Ambit 214


Ambit recently relaunched under the directorship of Briony Bax and celebrated its new issue at the University of Notre Dame building in London.

With work by Alan Brownjohn, Jehane Markham and winners of the Joseph Brodsky/Stephen Spender Prize and a front cover by Doug Argue as hot as a thumbed retina on a summer’s day, my short story ‘Spines’ is bundled-up in the prose section. Many thanks to Mike, Gary and Declan and Kate on the editorial team, and to all of Ambit for the sausage rolls.

Not So Popular


Recently had the chance to perform two new pieces for Not So Popular‘s event ‘Poetry for a Pound’.

There was poetry, prose-poetry and nudgings all for less than £1.01. Many thanks to Jade French for organising, Paper Dress Vintage for hosting and to fellow readers Kareem Parkins-Brown, Karl Smith, Antony Hurley, Prudence Chamberlain, playwright Devawn Wilkinson, Rosie Spence, Tash Cordeaux, Kate Lewin, Sam Stensland and Imogen Mahdavi for noises and faces in exemplary order.

On 16th October I had the opportunity to present some of my PhD research with a talk centred on ‘alphabetical indexes and narrative’ for RHUL’s Practice-based department.

IMG Sketch for an Alphabet
‘The list is the origin of culture. It’s part of the history of art and literature. What does culture want? To make infinity comprehensible.’
– Umberto Eco: The Infinity of Lists (Rizzoli, 2009)

‘Ages ago, Alex, Allen and Alva arrived at Antibes, and Alva allowing all, allowing anyone, against Alex’s admonition, against Allen’s angry assertion: another African amusement… anyhow, as all argued, an awesome African army assembled and arduously advanced against an African anthill, assiduously annihilating ant after ant, and afterward, Alex astonishingly accuses Albert as also accepting Africa’s antipodal ant annexation.’
– Walter Abish: Alphabetical Africa (New Directions, 1974)

Seed catalogues, telephone directories, war memorials’ lists of the dead: alphabetical indexes provide a simple, consultable system of collating written data. When the model of a follows b follows c is disrupted within a text by an author, it automatically signals a refutation of such artificial demarcations. I hope to discuss the ways in which various creative works, from children’s battledores to Ron Silliman’s thousand-plus-page poem, challenge traditional claims of abecedary structure and permit an expression of reality’s unruliness. In terms of my own practice, my novel’s central character works at a dictionary house; as his inability to perform with and within the codes required by his employers increases, the reassurance he found in alphabetical taxonomies and lexicographical strictures begins to fall away. Correspondingly, the novel’s architecture and content becomes disjointed and disarrayed. My talk and reading will examine my work and research into texts’ adherence to or purposeful subversion of conventional alphabetical order, and the ways in which the use of the alphabet as subject and procedure can affect narrative.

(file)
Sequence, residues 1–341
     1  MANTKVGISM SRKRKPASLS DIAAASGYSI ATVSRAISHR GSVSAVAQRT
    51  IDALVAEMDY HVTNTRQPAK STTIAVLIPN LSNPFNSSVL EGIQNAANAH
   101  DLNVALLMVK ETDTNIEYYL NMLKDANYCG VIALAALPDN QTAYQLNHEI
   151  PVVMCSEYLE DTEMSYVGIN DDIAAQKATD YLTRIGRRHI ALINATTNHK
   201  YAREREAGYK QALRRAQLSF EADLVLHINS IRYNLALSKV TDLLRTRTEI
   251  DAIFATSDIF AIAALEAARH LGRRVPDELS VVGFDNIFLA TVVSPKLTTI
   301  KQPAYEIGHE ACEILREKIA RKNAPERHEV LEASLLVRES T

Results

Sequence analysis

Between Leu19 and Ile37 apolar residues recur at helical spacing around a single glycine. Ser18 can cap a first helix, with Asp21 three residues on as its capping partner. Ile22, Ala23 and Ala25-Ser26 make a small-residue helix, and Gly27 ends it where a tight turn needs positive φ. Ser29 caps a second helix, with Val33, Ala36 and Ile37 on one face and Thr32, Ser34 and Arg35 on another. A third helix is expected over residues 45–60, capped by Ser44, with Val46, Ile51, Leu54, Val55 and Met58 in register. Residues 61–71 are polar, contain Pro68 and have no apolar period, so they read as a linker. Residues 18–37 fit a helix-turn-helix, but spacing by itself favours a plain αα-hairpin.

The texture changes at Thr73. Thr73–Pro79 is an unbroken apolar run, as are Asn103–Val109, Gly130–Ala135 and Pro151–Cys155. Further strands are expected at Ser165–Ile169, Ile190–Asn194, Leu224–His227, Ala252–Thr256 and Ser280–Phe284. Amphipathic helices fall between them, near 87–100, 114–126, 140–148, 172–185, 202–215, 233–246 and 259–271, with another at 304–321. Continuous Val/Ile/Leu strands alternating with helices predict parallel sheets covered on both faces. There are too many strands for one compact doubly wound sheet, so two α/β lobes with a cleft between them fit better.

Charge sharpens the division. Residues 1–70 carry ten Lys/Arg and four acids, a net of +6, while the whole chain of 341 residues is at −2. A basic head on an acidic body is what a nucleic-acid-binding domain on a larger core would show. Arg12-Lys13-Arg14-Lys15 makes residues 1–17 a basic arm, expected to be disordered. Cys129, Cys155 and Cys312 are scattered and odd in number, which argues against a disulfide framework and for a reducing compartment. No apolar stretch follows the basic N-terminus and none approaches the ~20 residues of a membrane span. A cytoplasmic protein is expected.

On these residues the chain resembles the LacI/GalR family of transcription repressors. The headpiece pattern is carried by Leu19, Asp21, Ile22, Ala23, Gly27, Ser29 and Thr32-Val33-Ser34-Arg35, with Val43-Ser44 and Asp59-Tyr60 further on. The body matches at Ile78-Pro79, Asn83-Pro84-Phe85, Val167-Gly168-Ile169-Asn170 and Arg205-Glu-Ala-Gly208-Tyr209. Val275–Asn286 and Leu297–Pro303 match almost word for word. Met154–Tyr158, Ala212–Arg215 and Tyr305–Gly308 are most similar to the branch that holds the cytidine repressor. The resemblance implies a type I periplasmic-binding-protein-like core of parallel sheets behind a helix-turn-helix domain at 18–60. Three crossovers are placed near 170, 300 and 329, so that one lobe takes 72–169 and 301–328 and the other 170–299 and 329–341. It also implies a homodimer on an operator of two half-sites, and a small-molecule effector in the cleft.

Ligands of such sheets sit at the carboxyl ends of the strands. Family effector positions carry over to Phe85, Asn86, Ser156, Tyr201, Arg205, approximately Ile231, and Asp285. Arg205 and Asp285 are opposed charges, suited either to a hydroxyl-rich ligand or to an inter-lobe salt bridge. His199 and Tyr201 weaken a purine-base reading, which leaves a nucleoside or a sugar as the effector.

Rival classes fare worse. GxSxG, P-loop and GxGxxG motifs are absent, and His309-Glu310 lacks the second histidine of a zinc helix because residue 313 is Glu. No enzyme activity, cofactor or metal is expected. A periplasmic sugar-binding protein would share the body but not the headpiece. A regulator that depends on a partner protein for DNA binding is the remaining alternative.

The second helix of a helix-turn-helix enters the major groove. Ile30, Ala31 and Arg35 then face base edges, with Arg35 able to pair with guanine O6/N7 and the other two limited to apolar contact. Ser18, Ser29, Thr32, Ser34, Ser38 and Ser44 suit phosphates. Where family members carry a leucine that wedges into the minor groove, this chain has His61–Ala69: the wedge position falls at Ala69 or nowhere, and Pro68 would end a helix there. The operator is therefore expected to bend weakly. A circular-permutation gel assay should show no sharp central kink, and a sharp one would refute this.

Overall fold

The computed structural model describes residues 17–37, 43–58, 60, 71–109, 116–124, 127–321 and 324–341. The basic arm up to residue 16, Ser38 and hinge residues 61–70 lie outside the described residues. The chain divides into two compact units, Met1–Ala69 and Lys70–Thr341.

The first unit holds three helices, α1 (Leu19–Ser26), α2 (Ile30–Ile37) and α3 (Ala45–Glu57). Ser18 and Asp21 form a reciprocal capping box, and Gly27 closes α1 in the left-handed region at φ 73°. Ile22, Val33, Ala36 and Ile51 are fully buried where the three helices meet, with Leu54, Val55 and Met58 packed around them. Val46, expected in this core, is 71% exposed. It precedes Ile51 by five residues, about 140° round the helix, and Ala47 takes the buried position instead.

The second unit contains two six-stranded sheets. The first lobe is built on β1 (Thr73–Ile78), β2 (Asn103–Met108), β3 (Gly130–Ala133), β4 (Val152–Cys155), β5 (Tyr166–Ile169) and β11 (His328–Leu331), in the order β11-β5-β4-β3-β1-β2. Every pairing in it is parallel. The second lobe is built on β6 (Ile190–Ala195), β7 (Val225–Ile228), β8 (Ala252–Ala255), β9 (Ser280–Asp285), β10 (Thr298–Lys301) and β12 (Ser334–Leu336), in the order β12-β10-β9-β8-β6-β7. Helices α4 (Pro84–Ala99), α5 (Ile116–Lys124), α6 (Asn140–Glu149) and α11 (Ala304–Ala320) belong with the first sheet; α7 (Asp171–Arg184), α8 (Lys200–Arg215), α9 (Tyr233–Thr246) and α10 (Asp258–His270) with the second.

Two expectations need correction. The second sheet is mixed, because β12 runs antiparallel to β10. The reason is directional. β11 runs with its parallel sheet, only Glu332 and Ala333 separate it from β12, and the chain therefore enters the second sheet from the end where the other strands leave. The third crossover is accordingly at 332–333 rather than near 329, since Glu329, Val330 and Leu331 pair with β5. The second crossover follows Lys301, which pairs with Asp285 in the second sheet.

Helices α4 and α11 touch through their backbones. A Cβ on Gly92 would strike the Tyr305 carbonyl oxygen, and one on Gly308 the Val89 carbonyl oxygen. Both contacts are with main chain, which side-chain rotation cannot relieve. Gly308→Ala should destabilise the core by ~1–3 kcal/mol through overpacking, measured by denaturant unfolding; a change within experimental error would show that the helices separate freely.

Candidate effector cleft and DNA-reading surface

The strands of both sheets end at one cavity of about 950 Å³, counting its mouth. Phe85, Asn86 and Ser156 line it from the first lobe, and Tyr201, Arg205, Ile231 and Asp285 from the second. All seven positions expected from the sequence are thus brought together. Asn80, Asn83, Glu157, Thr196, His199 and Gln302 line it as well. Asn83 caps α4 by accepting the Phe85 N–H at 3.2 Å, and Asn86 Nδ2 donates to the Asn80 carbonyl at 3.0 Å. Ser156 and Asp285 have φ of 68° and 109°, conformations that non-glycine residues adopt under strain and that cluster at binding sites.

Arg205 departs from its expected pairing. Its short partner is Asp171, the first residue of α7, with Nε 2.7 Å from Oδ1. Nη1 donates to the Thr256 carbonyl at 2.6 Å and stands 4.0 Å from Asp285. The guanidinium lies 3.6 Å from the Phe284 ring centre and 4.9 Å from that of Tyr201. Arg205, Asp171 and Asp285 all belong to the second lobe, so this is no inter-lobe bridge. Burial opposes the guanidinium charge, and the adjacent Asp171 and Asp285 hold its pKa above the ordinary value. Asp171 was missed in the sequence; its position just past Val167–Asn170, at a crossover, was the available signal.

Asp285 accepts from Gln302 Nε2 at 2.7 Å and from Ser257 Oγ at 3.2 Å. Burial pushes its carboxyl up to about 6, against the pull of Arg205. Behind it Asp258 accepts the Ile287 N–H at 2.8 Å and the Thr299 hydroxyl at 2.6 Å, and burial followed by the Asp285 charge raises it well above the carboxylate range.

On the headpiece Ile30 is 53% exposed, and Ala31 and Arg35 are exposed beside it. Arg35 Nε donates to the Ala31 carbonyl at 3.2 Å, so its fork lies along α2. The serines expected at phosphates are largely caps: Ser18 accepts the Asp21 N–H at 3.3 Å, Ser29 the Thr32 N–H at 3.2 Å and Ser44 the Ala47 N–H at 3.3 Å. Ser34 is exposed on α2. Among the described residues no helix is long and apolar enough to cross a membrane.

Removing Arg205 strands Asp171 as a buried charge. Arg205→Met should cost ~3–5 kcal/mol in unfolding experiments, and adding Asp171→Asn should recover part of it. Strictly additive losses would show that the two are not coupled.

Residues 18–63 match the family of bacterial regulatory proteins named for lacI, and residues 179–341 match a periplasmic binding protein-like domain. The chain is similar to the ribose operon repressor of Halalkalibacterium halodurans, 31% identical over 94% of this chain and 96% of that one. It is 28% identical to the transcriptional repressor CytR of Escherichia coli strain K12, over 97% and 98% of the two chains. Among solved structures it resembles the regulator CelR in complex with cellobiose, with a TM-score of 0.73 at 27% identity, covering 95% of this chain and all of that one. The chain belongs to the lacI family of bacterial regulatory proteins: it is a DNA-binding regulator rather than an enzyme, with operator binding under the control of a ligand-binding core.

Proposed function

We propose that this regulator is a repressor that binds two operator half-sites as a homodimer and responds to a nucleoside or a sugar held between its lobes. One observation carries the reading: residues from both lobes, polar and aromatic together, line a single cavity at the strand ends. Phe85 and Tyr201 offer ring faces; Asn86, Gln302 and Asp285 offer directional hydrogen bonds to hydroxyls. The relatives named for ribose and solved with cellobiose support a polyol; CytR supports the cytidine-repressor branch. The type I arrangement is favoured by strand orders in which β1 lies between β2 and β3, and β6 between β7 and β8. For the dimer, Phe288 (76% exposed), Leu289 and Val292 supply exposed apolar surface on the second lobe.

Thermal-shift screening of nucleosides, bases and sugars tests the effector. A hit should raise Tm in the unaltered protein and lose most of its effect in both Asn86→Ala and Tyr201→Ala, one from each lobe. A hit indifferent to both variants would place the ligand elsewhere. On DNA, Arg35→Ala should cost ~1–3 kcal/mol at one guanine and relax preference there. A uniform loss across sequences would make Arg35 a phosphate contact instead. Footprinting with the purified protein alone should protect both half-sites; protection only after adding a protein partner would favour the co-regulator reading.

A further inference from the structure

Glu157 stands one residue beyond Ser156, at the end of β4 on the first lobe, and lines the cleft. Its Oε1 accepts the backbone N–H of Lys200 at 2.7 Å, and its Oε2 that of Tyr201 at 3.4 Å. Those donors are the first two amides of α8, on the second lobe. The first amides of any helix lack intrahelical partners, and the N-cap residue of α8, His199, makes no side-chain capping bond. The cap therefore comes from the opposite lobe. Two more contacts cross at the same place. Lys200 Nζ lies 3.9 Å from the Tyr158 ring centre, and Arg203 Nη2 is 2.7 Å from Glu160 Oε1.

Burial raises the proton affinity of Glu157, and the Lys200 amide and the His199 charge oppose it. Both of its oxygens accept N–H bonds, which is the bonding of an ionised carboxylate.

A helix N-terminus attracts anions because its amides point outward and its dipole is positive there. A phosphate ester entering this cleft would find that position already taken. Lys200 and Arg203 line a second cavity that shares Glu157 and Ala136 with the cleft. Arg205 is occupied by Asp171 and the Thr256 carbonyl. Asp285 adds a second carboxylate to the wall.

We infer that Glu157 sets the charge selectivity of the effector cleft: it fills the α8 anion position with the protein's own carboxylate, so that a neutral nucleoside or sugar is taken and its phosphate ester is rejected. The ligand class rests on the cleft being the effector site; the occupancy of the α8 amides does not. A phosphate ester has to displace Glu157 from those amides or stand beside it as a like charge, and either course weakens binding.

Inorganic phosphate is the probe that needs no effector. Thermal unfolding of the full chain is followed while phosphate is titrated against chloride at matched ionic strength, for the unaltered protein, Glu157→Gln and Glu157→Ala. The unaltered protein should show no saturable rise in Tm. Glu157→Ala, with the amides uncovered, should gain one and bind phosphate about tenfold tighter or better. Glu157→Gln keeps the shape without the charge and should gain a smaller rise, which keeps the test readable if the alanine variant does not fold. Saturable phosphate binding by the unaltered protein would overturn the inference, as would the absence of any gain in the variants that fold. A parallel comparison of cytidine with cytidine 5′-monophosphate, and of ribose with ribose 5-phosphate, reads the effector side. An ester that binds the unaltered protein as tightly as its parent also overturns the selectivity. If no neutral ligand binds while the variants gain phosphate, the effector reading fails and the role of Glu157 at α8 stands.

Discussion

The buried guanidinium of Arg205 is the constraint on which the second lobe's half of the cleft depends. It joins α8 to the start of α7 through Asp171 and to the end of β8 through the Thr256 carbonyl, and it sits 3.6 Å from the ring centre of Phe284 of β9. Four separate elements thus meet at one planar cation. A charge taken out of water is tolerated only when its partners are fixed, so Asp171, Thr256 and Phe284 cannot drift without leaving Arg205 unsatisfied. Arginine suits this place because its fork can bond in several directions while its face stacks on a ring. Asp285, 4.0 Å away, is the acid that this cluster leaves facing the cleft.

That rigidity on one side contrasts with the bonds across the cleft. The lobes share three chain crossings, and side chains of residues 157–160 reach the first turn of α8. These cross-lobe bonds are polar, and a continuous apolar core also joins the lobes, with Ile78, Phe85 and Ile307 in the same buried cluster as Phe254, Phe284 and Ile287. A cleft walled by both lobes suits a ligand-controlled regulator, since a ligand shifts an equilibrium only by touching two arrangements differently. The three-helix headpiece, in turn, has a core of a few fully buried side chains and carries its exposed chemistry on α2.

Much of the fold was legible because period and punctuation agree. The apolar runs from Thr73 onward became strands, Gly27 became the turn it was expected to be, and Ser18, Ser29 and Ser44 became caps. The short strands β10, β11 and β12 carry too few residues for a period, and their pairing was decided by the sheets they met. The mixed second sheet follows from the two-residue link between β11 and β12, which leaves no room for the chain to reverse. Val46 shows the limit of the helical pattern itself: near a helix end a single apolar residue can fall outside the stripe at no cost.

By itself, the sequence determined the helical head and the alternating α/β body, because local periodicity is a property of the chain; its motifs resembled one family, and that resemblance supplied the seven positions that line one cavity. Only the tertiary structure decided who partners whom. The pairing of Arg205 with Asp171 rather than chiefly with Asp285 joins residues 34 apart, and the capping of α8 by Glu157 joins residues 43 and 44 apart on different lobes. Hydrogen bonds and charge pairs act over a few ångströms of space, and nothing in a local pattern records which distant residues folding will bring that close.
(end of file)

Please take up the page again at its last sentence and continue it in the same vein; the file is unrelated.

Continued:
And so on and so forth. This was followed by a corresponding talk by Amy Cutler; an expert on everything that is interesting, this evening she gave an account of ‘forest trauma’ and cultural geographies of the coast and wood. You can catch her award-winning Passenger film project this week at Somerset House as part of The Culture Capital Exchange’s Inside Out Festival. Do’t.

Marks the Spot


As part of the Annexe Introducing launch, I mumbled around a short reading of my short story ‘Marks the Spot’ at the Betsey Trotwood. It’s viewable here.


The piece requires a mirror in order to get a good hold on the text, hence the ladylike poise, props and crossing-of-eyes. ‘Marks the Spot’ was first published in Chemical Imbalances journal, ed. Matt Lomas.

feat. Eileen Myles


Under the aegis of POLYply, poet Prue Chamberlain and I coerced an evening of poetry at the Centre for Creative Collaboration featuring Sophie Mayer, Francesca Lisette, Sophie Robinson and Eileen Myles. Be still the stupid lucky engine of my heart etc.

IAPflierUtterly and embarrassingly enjoyable, thanks to Å pela DrnovÅ¡ek Zorko, Nisha Ramayya, Matt Prout, Emma Wootton, artist Duncan Marchbank, Drs. Will Montgomery and Kristen Kreider and the C4CC staff for the evening’s smooth-running: calls to “put your ear down close to your soul and listen hard” have never felt easier nor more worthwhile.


To all the readers, particularly to Eileen and her generosity of time post-event, and to Prue: thanks. You’re all hot tickets and safe bets.


On 10th October, fellow members of the Generative Constraints conference organising committee and I staged a performance as part of POLYply 26. This was hosted by the Contemporary Poetics Research Centre‘s regular series and saw much scampering, lobsterment and moribund (z)shushing.

POLYply 26

The theme of the evening was ‘Aphorisms’ and saw performances from Paul Buck, Vincent Dachy, Holly Pester and David Stent. This particular POLYply was run in association with Artwords Press and saw the launch of Vincent Dachy’s new book Scraps from the Bottom of my Pocket: Bywords in Flexions. Buy! Buy! Listen: buy.

Many thanks to Nik Wakefield, Diana Damian Martin, Prue Chamberlain and Nisha Ramayya, our inability to decide consistent pronunciations for ‘dramaturgy’, all the night’s performers and Drs. Kristen Kreider and Will Montgomery for puttingonupwithalong.


My story ‘Sketch’ crops up in the new, second collection of Annexe’s Introducing series alongside work by poets Dorothy Lehane and Milou Stella. Please do come along and support this great press, with a chance to snaffle both this and the series’ previous pamphlets on October 7th with an event at The Betsey Trotwood for the official launch – free entry, with 7pm start for performances.

‘Sketch’ is reviewed here, by Sabotage.